9. The method defined in claim 1 wherein the formation of the mixed-crystal structure or said crystalline compound is effected by depositing a substance on said monocrystalline layer by epitaxy and, during or after the epitaxial deposition, said monocrystalline layer is subjected to an annealing heating.
10. The method defined in claim 1, further comprising the step of modifying a thickness of said monocrystalline layer prior to transformation in step (b).
11. The method defined in claim 10 wherein the modification of the thickness of said monocrystalline layer is effected by plasma etching.
The present invention relates to a method of producing an article which can be used in the production of electronic, electrooptical or optical components and, especially, a crystalline structure or a structure provided with a crystalline film which can be used for electronic, electrooptical or optical circuit elements. Specifically the invention relates to a method of producing a structure having a single crystalline substrate with a buried amorphous layer and a single crystalline film deposited on this substrate.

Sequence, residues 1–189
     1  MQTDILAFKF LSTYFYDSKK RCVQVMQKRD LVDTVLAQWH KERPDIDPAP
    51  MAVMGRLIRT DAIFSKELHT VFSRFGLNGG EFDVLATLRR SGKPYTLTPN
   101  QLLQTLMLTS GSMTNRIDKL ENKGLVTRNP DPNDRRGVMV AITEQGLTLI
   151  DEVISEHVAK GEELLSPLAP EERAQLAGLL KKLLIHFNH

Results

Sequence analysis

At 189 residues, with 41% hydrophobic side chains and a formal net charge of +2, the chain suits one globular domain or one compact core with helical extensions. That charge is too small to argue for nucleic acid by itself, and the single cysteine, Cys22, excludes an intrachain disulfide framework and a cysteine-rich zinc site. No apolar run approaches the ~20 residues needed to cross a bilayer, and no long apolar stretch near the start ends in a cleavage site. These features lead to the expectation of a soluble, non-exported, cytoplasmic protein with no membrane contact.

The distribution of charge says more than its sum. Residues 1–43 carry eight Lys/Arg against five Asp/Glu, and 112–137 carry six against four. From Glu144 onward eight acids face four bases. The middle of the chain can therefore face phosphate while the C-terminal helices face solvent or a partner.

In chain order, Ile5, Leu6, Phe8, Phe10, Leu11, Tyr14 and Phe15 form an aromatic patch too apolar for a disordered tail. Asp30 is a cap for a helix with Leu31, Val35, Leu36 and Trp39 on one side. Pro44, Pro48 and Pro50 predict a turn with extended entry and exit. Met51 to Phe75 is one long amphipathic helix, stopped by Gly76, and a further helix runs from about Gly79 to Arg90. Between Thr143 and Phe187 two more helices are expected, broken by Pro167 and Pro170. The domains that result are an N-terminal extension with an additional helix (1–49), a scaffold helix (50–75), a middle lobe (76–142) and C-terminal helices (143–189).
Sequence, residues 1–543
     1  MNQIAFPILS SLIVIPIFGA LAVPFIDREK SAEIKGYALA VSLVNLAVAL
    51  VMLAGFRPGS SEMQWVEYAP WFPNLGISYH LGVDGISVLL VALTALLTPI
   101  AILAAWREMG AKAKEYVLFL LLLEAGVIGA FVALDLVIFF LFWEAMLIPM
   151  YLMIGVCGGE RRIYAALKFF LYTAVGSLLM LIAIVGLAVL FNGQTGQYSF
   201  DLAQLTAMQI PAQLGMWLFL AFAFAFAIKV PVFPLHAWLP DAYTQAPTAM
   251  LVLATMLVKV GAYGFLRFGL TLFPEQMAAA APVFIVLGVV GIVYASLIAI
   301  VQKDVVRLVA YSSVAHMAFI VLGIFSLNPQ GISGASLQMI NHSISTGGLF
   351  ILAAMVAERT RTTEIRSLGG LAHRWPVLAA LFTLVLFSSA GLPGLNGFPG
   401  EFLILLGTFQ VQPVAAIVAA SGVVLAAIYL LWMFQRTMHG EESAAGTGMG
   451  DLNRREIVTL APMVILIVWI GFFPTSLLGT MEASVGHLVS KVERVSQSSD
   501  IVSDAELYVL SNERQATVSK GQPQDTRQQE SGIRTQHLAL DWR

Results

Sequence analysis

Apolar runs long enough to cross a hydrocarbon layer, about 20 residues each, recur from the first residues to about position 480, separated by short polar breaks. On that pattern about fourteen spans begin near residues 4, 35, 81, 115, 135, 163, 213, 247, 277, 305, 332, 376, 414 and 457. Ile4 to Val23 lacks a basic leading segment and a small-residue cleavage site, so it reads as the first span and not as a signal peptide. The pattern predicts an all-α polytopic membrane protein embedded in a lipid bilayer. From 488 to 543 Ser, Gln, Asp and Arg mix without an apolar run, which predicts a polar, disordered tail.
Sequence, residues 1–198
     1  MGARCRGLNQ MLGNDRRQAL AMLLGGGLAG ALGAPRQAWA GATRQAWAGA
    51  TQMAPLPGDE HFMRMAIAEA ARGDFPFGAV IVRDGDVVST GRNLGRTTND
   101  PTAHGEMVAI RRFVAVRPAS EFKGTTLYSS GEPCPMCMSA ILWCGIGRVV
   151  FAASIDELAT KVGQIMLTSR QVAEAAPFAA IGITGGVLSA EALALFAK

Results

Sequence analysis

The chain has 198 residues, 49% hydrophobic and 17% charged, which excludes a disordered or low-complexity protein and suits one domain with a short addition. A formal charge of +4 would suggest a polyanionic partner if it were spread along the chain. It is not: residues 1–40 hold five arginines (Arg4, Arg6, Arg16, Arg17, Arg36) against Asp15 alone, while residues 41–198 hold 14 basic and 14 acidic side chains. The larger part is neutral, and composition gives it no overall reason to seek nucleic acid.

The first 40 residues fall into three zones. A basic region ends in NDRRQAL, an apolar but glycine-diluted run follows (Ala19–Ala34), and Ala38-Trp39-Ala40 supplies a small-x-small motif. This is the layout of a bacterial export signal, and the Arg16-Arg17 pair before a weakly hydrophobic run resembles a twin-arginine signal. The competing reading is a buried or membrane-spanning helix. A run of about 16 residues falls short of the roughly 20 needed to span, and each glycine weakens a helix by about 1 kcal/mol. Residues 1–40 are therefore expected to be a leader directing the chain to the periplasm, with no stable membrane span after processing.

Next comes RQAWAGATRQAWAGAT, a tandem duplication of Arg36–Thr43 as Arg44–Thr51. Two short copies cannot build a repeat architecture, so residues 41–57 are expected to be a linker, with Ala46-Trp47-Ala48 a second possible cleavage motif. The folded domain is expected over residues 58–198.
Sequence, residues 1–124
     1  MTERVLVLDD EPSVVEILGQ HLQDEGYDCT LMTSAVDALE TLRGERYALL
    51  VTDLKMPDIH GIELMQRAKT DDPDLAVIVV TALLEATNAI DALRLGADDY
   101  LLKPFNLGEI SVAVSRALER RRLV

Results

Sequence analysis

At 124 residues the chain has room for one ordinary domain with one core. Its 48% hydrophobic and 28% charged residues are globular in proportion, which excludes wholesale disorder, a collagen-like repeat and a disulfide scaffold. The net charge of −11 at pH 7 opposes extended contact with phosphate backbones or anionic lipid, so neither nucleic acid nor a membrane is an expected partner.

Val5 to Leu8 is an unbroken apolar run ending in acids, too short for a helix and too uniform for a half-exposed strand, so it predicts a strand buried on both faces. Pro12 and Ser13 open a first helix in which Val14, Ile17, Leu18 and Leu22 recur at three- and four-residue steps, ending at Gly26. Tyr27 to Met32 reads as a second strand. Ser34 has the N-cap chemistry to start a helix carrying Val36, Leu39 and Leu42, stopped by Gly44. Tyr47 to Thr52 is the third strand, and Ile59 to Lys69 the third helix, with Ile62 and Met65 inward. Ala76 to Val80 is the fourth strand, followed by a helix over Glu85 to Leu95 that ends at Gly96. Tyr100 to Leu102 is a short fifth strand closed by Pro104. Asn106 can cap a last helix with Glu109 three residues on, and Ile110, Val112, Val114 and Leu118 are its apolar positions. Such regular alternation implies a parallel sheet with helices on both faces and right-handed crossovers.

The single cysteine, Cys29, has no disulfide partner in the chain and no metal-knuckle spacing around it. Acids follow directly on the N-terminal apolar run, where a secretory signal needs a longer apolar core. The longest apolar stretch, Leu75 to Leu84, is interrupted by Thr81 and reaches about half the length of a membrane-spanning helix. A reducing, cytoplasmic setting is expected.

The production of articles consisting of a crystalline substrate and a crystalline film on such substrate are known to be useful for the production of electronic, electrooptical and optical components.
The quality of the film which may be the active component of the article is affected by the structural match between substrate and film.
For example, if the lattice parameter of the applied layer is not matched to that of the substrate, lattice defects can develop at the interface in the newly formed layer and as this layer grows, these defects will propagate into the layer and can be detrimental to the electrical and especially the optical characteristics of the layer. Other approaches such as deposition upon porous silicon have not been successful in overcoming these problems.
it is, therefore, the principal object of the present invention to provide an improved method of forming a monocrystalline film of desired properties on a crystalline substrate whereby the formation of lattice defects at the interface of the substrate and the newly grown film can be avoided.